Category Archives: Humboldt

Soul Night 14: Soulstice/last soul night on earth

December 21, 2012 Arcata CA.  A showdown where the story of the end-of-the-world met six DJs who used real records to ground a party to this earth.  A brief accounting of the participants from my simple perspective.



CAM00683The first DJ of the night was perhaps the most adventurous DJ in Humboldt county — Spaceman Spliff who not only killed his set, but dropped a Cure song to knock out small-minded fools.  Mantease played pretty hard and seems to be bringing more soul-inspired global stuff.  But it was his afrobeat shit that get’s me the most hype, and since I spent half the sent dancing on the side of the stage, that was pretty obvious. Matt “Skinny Santa” Jackson and Adam “ugly ass sweater” certainly brought the heaters.  “Back door Santa” got played and it took about half of the first verse before people clued in, then the dance floor got nasty.  And of course, the E.L. Michaels Wu-Tang song, another Soul Night first.  And I’m not talking about Skinny Santa smashing his giant candy cane across the chest of his DJ partner (saint Ad-rock), but a couple hundred people chanting “Wu-Tang!”.  I looked at Jay Morg’s set before he took the stage and I knew that he was coming with some great dancing records.  I wasn’t surprised that he gave one of the best sets of back-to-back dance floor jams that any of us have thrown and the people were feeeeeeling it. Not to mention the dude rocking a purple velour jump suit.  I had to slow it down to gospel speed just to give people a chance to catch their breath when I took over for the final shift.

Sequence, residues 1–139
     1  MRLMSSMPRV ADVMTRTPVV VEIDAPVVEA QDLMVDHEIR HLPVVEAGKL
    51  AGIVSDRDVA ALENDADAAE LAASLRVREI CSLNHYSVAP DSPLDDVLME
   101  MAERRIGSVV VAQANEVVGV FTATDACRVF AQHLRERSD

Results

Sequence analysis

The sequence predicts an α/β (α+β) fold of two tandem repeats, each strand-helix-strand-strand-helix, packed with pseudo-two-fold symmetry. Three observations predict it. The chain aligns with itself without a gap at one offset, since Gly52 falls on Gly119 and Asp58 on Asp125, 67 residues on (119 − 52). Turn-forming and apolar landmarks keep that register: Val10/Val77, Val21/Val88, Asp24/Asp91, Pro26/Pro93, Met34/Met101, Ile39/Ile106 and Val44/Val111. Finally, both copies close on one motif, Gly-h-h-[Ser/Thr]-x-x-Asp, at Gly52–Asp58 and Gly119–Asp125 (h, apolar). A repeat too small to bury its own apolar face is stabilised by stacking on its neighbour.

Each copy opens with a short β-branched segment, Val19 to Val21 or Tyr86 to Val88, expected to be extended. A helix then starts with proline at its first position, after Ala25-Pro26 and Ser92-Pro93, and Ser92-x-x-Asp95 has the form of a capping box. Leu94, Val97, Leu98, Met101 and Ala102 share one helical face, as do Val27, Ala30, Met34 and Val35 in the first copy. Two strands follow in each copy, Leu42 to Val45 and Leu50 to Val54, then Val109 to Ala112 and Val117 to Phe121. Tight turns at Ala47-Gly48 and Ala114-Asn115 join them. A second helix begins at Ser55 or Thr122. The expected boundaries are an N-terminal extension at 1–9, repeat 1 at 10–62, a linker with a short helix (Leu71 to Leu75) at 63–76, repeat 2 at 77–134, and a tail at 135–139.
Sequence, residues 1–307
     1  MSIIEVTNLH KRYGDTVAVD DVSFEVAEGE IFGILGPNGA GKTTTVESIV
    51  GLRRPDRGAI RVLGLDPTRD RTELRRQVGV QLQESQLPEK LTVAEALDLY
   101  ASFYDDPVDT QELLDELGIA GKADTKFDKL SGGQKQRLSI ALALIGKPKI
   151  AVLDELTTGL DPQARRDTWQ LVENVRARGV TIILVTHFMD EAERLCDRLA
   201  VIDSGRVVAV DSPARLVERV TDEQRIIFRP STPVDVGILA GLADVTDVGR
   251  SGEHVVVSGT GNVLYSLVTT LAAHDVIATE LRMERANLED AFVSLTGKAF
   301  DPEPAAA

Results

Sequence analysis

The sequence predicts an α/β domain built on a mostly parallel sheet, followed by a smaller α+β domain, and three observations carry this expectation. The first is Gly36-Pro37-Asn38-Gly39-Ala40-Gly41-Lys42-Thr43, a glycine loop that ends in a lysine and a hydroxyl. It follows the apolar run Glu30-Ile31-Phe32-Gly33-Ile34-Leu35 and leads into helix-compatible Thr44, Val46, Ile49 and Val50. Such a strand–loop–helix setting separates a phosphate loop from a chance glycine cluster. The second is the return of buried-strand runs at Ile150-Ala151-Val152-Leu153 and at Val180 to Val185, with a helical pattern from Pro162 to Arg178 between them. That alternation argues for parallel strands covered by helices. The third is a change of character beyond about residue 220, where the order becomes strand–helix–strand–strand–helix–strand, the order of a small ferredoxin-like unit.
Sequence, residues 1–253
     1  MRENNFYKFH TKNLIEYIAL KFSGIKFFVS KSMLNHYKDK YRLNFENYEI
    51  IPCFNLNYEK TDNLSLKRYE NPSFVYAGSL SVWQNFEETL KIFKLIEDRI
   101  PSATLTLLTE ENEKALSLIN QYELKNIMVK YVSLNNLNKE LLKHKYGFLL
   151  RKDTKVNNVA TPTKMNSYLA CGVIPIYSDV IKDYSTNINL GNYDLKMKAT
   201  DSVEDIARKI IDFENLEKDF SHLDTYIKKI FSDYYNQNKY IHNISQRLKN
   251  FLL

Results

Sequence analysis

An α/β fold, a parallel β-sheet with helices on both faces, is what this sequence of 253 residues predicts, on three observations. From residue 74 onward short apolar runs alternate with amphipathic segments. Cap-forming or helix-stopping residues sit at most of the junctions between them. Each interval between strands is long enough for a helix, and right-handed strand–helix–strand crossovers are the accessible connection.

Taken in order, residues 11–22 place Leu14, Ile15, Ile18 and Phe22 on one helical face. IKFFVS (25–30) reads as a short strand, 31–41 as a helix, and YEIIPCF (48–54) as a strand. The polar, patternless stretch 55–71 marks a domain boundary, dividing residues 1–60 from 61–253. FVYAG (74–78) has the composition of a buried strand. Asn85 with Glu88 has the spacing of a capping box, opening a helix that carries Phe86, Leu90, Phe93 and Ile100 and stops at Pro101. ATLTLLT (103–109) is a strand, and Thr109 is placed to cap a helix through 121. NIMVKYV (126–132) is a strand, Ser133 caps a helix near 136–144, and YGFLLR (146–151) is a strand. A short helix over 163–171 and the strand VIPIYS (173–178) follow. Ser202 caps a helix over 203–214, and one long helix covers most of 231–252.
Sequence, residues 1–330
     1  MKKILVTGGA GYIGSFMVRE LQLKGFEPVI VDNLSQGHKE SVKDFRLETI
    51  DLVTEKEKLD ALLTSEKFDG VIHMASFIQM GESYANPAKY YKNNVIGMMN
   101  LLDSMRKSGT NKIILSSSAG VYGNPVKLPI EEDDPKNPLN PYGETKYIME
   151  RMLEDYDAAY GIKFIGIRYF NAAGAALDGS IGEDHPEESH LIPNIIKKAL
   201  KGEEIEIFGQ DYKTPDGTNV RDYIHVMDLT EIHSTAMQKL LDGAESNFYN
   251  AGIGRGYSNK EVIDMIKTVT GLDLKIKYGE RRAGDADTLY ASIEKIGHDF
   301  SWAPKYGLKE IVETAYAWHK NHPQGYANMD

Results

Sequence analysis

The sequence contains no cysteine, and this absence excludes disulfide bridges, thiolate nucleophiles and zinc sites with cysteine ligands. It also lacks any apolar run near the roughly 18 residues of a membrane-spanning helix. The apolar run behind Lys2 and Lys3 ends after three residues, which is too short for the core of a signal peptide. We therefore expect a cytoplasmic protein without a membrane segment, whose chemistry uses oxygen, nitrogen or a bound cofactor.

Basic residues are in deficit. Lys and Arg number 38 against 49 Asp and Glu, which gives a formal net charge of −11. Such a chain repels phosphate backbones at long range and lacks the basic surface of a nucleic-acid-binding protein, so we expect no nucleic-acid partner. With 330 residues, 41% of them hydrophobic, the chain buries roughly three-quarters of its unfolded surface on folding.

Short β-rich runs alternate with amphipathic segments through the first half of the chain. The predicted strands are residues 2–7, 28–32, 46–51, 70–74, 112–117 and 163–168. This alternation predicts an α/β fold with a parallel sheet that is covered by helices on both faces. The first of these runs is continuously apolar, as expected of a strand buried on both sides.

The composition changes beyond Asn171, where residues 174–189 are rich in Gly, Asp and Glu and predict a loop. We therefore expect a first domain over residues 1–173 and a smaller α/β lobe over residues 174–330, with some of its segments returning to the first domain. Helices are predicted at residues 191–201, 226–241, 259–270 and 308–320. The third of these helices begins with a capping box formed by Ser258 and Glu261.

I played the above set.  It was an incredible blessing to be able to look out as a simple music nerd and see hundreds of people dancing to the flute jazz jam by Sam Most. Not to mention the appreciation and respect for the good sounds.  Thanks to all the wonderful people who buy tickets and who support Soul Night.  Thanks to La Dolce Video who provide an astounding cinema backdrop for the party.  And much thanks to Humboldt Brews for the nice venue, respectful door staff, good sound guy, great bartenders, and generous dancing space.

Next soul night is January 18, expect the ridiculous.  If you are in Humboldt and want to join Matt, Adam & King Maxwell for a soulful New Years Eve at the Siren’s Song a few tickets are left at the Missing Link.

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Soul Night 6: Missing Link saved my soul

Matt, Adam and DJ Mantease cavorting, sporting and speaking at Soul Night 5.

Arcata California on April twenty, Humboldt Brews.   Sold out a few days before, the gig was ridiculous.  So many good dancers and hot tracks.  Despite being 420, I was pretty inspired to keep the party focused on the dancing.  I think the music and the people who come to party are the central part of this gig, and I worry about theme parties overshadowing or distracting from that core.  So I loaded my set with a few favorites and a few new acquisitions.